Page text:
That doesn't necessarily mean adding in more workouts either. Often we are really good about working out 2 - 4 times a week but otherwise we are quite sedentary. By adding in daily, mindful activity outside of our workouts, you can start seeing visible changes within a short amount of time. So add a 30 minute brisk walk in at lunchtimes or start taking the stairs daily at work. If you have a fitness tracker, start increasing your daily step goal so you move your body more on a consistent basis.
With respect to your workouts, your body can get used to doing the same thing over and over and stop making progress. So change up what you are doing. If you are always doing cardio, add in a session of strength training each week. If you are strength training regularly, start increasing your weights. Weight lifting benefits women by helping them increase their lean muscle mass which in turn boosts their metabolism and spurs fat loss.
A weightloss journey involves many different factors beyond nutrition and fitness. Often when a woman hits a plateau and her nutrition and fitness are on point, then other lifestyle factors are probably to blame.
Our hormone levels play a significant role in any weight loss - specifically fat loss - efforts. If those hormone levels are out of balance, then they can cause a cascade of reactions in our bodies that impede us from losing weight. And in fact, they will instead increase fat storage which is the last thing we want.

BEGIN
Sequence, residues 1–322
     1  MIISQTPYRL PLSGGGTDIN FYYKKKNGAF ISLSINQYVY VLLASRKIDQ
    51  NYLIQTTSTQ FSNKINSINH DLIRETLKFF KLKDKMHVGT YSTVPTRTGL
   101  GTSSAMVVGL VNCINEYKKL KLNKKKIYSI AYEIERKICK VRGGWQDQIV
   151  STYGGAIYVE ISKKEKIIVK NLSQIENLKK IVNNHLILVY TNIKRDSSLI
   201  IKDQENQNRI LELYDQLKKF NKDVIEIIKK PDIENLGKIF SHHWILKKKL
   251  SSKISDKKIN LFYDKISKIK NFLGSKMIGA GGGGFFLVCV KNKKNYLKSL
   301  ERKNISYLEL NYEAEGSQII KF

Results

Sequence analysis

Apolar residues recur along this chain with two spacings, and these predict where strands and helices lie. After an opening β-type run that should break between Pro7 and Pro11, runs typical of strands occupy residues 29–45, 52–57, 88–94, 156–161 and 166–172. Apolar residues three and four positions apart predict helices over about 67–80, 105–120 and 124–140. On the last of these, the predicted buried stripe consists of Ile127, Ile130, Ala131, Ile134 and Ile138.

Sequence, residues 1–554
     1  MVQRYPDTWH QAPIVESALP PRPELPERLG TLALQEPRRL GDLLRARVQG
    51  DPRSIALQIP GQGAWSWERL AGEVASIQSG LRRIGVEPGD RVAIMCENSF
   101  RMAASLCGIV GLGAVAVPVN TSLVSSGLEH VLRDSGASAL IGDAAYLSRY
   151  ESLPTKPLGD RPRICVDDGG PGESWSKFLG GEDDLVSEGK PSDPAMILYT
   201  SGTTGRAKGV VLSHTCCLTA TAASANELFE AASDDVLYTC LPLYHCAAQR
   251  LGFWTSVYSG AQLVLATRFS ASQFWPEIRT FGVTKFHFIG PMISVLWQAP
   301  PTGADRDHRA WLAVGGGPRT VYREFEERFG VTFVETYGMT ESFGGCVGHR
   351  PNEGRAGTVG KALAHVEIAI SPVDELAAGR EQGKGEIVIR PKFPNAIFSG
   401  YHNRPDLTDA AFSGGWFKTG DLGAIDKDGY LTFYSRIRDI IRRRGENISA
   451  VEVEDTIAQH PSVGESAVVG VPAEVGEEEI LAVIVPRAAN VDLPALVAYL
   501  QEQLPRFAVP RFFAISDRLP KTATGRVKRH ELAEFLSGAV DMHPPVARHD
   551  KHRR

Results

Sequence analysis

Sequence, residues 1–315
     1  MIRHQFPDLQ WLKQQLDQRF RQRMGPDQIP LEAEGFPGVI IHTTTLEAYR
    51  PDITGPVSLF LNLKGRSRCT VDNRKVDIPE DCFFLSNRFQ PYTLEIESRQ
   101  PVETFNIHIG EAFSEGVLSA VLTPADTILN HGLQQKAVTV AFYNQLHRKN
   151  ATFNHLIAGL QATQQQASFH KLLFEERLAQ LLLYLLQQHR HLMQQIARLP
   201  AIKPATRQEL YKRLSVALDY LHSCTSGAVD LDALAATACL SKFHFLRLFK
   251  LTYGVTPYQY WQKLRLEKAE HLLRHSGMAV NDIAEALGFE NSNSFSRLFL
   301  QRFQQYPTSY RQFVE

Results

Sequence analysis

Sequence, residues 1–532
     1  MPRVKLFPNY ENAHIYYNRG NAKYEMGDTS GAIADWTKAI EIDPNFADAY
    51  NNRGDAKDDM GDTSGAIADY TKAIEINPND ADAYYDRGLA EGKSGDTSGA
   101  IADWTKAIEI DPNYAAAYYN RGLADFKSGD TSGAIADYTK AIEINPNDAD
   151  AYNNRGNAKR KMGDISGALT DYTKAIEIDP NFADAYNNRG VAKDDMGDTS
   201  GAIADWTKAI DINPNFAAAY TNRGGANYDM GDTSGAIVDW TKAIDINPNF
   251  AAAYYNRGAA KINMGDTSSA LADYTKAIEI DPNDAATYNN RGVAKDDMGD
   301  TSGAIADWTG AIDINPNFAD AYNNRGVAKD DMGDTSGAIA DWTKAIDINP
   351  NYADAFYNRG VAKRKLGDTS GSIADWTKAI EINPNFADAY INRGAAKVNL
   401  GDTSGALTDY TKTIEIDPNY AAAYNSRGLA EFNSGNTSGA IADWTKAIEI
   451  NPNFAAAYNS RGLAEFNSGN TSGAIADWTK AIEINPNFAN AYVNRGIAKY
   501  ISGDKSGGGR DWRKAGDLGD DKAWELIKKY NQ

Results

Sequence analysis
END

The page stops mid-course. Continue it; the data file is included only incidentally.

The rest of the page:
Stress and sleep affect those hormone levels as much as fitness and nutrition do. So when women hit a plateau, its important to look at our lifestyle to see if there are areas where we can improve. I openly encourage my clients to create a sleep ritual that will enable them to be consistently better rested. Getting a good night's sleep is important for many reasons beyond weight loss and is key to optimal health.
Dealing with stress is equally important. Sometimes that simply involves adding mindful relaxation exercises or activities to your day like meditation, yoga, reading a book or taking a hot bath. Often, as you continue the journey, this involves more than simple activities, and can include setting boundaries, dealing with negative self talk and joining a support group or getting counseling. As I often tell my clients, a lot of the weight we have to lose is not on our bodies - but is baggage we carry with us from all aspects of our life. Dealing with these issues can be life changing.
When it comes to weightloss, it's a journey - not the Amazing Race. Plateaus are just part of the process and often they are just a period of time when your body is changing and adjusting to your new lifestyle. Continuing to follow your plan, staying positive & patient are key to making long-lasting progress.
So when you hit a plateau, don't immediately jump to conclusions. Assess your nutrition, look at your activity and your lifestyle. Make one change at a time and wait a few weeks. It will take time for your body to adjust but if you approach it in a healthy, positive way then you will continue to see results.
As you continue your journey, be careful not to judge yourself and instead work on assessing what is going right and what might need a little tweak. This is one of the core healthy habits I teach as part of the Balance to Thrive System.
The more patient you are and the kinder you treat yourself, the better chance that this will become a lifestyle you love vs a diet you can't wait to ditch.
Curious how you can learn how to lose your weight without resorting to another restrictive diet? Learn more about my nutrition programs and book a free Nutrition Chat with me to discuss your individual needs and goals today.